How To Set Up Special Education Accommodations

Any student who is staffed into special education will need accommodations set up for him. Setting up these accommodations isn't a very difficult process, but it is a very important one!

  1. Hold an IEP (Individualized Education Plan) meeting for the student. The special education teacher will send out an IEP notice. This notice will state that special education accommodations are going to be set up for the student who needs them, along with the date and the time of the meeting.
  2. Every person important to the child's education should be invited. This means the parents, a general education teacher (if the student is in any general education classes), the principal of the school and any support staff. Support staff may include a social worker, the school counselor and any outside support staff like a caseworker from the court system. Anyone who plays a part in the student's life at school should be invited to the meeting for accommodations.

  3. Everyone attending the meeting should come with suggestions about accommodations that the student will need to be successful in school. The special education teacher will also make a list of her own accommodations that she deems necessary. For the most part, the special education teacher will have the best accommodation ideas because she will be the person who is with the student the most during the school day. It is important, though, that everyone who is invited to the meeting bring ideas to the table.
  4. Once everyone has signed the appropriate attendance form, the meeting can begin. The meeting usually begins with the special education teacher sharing the exact reason for the meeting and some information about the student. Every person at the meeting can share individual stories about the student that may help generate some accommodation ideas. Afterward, the special education teacher will go through her list of necessary accommodations for that student.
  5. Then everyone at the meeting can have their say about what accommodations they think may be needed. For example, the special education teacher may have stated many academic and behavioral accommodations that are needed for this student to be successful at school, but she may not know that the student needs a language accommodation from the speech pathologist. This is the time that other staff members share what they think is needed for success.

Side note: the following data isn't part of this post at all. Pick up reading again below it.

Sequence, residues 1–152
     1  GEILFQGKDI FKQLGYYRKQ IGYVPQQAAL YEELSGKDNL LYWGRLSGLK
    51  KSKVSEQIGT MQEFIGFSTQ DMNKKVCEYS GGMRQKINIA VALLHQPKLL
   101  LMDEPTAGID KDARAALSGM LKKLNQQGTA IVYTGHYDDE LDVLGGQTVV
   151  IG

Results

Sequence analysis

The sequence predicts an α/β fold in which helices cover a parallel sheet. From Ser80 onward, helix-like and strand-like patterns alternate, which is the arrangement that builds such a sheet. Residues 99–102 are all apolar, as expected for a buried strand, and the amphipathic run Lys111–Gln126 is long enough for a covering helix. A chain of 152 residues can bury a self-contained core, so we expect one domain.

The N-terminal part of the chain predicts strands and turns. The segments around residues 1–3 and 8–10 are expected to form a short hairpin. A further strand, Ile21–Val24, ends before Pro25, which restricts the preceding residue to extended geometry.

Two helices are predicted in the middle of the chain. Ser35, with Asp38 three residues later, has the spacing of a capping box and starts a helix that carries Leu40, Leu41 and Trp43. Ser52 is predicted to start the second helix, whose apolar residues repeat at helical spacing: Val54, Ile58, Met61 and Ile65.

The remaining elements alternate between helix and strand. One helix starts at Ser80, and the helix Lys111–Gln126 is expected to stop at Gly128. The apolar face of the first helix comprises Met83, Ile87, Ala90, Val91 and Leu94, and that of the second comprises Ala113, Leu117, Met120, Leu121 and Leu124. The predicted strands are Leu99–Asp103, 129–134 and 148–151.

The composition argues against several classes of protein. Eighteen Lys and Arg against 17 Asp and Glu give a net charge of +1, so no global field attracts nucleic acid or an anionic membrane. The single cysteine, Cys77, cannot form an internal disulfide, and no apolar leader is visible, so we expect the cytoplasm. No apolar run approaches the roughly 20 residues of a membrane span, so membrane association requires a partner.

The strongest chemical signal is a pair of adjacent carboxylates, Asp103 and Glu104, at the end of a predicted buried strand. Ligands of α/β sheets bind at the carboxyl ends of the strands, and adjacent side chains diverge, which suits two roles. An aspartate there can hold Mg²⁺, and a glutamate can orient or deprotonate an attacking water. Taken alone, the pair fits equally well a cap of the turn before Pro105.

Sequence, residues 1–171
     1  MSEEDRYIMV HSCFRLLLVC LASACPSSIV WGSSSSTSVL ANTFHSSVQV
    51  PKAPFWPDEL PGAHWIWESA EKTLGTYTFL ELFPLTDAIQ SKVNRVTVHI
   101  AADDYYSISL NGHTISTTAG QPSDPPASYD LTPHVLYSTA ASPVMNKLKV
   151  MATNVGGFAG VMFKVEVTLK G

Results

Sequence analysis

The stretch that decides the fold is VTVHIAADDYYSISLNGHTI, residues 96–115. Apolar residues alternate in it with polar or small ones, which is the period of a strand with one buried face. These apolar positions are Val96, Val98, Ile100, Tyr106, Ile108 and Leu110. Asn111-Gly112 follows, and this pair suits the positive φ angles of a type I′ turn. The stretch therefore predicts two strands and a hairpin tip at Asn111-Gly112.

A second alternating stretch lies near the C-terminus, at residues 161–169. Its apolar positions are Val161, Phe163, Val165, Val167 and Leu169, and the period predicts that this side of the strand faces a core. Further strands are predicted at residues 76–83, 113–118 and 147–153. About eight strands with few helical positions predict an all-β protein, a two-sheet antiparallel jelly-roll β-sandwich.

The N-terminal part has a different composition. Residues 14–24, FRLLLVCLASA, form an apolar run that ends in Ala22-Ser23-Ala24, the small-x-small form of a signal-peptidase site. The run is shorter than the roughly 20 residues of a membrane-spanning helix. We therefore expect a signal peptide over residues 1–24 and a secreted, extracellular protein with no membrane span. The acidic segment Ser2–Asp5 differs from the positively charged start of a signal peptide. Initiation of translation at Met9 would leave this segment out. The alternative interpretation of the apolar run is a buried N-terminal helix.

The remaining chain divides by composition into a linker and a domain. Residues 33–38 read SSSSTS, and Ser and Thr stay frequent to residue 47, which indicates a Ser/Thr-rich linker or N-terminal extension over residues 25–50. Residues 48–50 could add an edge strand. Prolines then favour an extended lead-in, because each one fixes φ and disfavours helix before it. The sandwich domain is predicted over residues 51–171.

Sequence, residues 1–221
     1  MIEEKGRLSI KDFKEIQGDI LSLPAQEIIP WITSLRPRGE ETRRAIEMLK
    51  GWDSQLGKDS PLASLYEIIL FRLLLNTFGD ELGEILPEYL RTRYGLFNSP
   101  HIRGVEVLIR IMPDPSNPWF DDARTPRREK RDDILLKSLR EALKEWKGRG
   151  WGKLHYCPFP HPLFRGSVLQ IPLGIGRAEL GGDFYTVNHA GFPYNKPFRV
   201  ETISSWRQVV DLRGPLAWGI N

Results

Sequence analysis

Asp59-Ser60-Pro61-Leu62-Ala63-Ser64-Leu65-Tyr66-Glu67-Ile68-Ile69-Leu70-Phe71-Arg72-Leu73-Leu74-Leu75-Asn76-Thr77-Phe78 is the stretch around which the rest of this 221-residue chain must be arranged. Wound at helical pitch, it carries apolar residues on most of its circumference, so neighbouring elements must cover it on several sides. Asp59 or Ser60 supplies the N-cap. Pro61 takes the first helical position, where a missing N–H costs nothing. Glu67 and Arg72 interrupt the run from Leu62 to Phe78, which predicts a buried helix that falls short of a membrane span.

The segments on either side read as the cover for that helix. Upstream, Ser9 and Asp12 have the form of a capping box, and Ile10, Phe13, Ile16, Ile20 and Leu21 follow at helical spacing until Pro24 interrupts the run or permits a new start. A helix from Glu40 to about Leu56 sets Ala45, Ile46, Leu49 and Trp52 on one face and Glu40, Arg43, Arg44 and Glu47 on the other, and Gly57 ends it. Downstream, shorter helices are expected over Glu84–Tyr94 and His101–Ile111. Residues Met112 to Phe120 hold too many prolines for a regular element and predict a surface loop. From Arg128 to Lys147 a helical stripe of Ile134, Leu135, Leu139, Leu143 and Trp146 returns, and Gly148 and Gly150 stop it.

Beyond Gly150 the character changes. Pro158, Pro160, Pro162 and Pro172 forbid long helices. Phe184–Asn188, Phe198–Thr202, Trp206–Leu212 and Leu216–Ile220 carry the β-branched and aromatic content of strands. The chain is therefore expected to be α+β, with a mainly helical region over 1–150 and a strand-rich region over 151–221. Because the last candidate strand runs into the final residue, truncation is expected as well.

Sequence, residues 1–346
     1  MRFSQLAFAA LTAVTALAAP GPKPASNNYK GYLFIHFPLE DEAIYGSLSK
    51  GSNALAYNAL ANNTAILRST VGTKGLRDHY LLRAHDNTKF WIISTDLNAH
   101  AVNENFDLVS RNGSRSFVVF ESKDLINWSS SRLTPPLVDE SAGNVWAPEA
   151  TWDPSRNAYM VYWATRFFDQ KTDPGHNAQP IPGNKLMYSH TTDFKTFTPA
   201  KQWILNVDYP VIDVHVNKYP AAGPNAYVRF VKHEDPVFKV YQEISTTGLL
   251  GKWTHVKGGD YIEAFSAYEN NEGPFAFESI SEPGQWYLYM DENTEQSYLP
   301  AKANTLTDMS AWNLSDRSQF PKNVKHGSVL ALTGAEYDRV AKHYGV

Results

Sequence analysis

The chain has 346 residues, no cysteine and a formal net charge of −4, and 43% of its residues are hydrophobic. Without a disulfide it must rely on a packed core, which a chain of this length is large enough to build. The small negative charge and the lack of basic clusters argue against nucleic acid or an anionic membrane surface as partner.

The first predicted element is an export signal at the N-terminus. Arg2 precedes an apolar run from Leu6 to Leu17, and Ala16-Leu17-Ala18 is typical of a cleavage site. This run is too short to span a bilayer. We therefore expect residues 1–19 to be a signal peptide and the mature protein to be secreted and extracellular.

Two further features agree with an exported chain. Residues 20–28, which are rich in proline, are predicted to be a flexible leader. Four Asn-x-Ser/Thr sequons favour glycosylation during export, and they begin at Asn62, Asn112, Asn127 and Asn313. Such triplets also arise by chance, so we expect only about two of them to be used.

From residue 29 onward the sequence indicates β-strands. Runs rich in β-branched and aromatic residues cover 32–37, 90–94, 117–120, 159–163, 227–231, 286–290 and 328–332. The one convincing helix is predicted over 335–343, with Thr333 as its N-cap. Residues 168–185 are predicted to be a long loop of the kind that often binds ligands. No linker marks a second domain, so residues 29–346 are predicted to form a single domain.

6. Conclude the meeting after accommodations have been determined, discussed and approved. The special education teacher's job isn't done yet though. She must write the accommodations down on the proper page for the IEP and then distribute the copies to everyone the student will come in contact with who needs to know these accommodations.
  7. Record the accommodations in the IEP and keep it updated as the school year progresses. The special education teacher should also speak to the student and share with him the accommodations that are in place in his IEP. This is an important step when dealing with special education accommodations because, many times, the student isn't aware of what his accommodations are and sometimes, if the special education teacher isn't always with him, the accommodations may be overlooked.

    It is important for the child to be his own advocate and remind the adult of specific accommodations. For instance, the student may have the accommodation of having all tests read to him. Many times in the general classroom the teacher gets distracted or forgets about this accommodation and just hands the student his test to take. The special education student should know that this accommodation is in his IEP and he needs to remind the general education teacher of the need to have the test read to him.

Setting up special education accommodations is really a very easy process, especially when every person involved in the process comes prepared with ideas. These accommodations are very important for a special education student to be as successful as possible in school; many times without them, the student will struggle, which is the last thing anyone wants.


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